About tfeedcover2.jpghis Wiki

feed.jpgThe name for our wiki, SchoolTM, comes from M.T. Anderson's 2004 dystopian novel Feed where: "Nameless, faceless corporations own the government, operate the schools, control the media, and even nature. Public schools are now known as SchoolTM, and they exist not to help turn future citizens into critical thinkers with a love of learning, but instead, to make them better shoppers who can manipulate their feeds to decorate their rooms, make informed consumer decisions, or even facts such as “which battle of the Civil War George Washington fought in” (47), and this corporate sponsorship of SchoolTM is an opportunity to disseminate propaganda: “that way we know that the big corps are made up of human beings and not just jerks out for money, because taking care of our children, [the corporations] care about America’s future” (110). (June Pullium.)

Wiki Resources

  • Did You Know? - Test your knowledge of the "shadow elite" and other players in SchoolTM What you don't know could hurt your students...
  • Research and Advocacy - What does research about effective education really tell us? How can we advocate for real reform to SchoolTM?
  • Curriculum and Technology - What resources are available for teachers, and students, as we create our own opportunities for learning?
  • Authentic Teaching and Learning - As educators, what are the larger lessons we hope to teach our students outside of SchoolTM?

Fundamental Facts

  • Education in America is a large enterprise directly involving 27% of the total population as students and teachers and funding of more than $1 trillion. In 2010 $650 billion for K12 & $461 billion for post-secondary (Piccano & Spring, 2012).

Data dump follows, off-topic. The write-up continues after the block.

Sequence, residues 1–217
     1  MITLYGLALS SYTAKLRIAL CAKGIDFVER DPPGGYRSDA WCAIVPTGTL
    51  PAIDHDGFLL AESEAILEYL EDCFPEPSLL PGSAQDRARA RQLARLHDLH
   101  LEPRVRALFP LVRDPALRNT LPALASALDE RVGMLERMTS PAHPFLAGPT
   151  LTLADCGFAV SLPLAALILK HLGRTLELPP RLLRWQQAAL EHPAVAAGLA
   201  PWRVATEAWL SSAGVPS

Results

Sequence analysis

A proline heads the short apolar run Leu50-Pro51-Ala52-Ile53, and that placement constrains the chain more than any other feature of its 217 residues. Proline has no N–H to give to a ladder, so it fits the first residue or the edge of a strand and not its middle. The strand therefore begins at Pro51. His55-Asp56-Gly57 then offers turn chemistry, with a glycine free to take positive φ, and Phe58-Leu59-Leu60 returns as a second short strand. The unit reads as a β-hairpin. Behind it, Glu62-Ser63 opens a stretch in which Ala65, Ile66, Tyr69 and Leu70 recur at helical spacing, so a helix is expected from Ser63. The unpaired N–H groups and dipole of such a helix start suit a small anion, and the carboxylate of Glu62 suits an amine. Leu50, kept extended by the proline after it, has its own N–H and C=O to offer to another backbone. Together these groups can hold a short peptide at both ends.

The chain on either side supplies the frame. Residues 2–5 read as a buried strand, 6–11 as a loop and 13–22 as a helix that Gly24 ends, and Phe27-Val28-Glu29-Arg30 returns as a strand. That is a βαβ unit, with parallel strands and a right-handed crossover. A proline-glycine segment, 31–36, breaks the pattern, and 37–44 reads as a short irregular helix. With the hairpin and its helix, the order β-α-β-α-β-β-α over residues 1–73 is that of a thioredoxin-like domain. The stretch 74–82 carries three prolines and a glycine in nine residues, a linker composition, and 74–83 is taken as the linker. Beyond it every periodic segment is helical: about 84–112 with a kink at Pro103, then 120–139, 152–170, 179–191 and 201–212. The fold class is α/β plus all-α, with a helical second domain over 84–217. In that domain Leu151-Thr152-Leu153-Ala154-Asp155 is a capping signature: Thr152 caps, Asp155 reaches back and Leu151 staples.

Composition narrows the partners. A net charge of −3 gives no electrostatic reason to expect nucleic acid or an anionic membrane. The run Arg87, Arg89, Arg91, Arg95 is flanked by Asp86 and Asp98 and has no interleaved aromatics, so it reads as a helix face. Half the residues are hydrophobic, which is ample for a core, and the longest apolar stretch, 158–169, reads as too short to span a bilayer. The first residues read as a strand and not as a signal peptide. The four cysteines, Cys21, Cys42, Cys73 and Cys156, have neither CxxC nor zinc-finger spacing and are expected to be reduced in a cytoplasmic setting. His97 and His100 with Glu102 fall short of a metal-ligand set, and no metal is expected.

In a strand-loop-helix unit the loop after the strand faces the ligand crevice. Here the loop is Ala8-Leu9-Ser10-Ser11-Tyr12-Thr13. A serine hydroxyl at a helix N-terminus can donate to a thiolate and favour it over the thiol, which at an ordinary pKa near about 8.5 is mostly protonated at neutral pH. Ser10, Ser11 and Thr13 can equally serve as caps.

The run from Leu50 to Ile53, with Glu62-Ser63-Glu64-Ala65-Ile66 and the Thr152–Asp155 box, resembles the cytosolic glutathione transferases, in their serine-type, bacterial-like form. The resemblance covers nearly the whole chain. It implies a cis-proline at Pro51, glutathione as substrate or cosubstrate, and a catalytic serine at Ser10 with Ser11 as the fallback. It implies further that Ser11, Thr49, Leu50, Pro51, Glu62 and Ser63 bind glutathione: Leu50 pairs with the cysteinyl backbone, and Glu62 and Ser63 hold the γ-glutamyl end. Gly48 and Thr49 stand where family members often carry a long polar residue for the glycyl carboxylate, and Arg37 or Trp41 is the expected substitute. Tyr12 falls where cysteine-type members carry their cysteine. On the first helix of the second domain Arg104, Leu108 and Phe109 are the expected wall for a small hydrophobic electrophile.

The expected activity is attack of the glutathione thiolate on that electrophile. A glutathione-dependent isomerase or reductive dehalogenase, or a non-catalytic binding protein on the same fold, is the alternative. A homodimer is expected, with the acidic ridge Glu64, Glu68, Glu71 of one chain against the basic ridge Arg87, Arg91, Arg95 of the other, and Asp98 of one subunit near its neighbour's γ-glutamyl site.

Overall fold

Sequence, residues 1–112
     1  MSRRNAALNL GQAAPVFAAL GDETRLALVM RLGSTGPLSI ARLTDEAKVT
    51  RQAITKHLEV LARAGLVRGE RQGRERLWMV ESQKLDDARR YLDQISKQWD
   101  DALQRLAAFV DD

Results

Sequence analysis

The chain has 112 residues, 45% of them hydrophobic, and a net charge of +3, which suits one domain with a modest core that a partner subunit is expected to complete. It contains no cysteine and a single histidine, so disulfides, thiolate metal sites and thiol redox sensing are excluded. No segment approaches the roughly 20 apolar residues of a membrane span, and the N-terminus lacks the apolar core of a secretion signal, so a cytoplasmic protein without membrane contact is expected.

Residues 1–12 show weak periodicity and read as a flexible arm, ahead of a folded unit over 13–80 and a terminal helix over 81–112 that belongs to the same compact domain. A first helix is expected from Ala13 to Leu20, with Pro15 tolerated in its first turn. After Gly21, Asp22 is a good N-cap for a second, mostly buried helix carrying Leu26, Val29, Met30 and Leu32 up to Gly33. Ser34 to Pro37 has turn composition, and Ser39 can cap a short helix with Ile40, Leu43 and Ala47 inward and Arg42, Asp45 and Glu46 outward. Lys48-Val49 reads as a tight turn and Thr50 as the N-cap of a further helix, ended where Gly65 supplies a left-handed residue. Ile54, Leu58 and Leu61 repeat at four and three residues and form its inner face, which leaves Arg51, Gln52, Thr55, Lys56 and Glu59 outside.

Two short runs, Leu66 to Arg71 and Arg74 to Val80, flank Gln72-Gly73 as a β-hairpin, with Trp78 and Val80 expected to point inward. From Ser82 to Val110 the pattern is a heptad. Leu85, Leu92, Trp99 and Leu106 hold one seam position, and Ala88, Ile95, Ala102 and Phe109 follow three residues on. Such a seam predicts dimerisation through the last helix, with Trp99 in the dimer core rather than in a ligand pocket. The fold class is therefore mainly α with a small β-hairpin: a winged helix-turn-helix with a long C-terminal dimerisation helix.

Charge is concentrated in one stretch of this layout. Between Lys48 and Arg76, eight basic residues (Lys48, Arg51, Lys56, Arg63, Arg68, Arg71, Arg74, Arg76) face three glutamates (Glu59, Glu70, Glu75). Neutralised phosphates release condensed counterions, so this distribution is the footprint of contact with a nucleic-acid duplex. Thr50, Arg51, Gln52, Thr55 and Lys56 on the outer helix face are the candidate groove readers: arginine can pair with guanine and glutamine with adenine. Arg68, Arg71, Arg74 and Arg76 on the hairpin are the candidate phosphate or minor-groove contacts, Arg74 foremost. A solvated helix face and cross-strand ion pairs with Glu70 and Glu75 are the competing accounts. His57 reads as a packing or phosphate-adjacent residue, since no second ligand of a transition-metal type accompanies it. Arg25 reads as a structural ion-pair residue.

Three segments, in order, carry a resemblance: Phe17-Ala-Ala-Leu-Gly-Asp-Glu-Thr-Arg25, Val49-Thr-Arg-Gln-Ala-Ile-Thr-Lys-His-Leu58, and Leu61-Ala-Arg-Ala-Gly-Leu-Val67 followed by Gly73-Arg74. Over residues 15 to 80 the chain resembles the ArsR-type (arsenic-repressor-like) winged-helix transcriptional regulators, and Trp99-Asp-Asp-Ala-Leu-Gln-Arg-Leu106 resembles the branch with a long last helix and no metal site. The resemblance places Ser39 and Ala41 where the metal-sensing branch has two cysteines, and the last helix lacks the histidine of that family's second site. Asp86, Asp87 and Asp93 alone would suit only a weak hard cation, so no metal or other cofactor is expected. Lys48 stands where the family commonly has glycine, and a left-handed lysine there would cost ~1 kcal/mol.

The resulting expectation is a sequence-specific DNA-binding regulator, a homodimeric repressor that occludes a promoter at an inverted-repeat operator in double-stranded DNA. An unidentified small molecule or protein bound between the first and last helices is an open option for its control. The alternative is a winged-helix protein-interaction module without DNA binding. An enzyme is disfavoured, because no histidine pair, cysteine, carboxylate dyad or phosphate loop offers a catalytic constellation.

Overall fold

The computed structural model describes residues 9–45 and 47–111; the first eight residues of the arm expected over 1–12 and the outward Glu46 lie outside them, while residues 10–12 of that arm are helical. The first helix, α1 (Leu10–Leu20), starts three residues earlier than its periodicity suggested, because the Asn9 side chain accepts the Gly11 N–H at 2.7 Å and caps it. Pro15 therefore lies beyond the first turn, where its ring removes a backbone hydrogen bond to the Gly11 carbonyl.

• Most education "reforms" in the United States over the past two decades have been driven by big business or corporate-government partnerships, not educators. The next wave of corporate education reforms, including the Common Core standards (which were not "state-led"), will increase corporate influence on K-12 schools and university teacher education.
  • While for-profit corporations have a long history of involvement in education, including in the building of schools and provision of textbooks, recent national and state legislation including No Child Left Behind, Race to the Top, charter schools, vouchers, and online school initiatives have explicitly and dramatically opened doors for for-profit corporate involvement in education.
  • New technologies and the Internet -- resources created and controlled by large technology and communication corporations -- have created new opportunities for learning, and new opportunities for profit-making in education.
  • For-profit educational and technology corporations have targeted public schools and universities as an important new market. (Rupert Murdoch has said of the American education sector that it is "$500 billion market that is largely untapped.")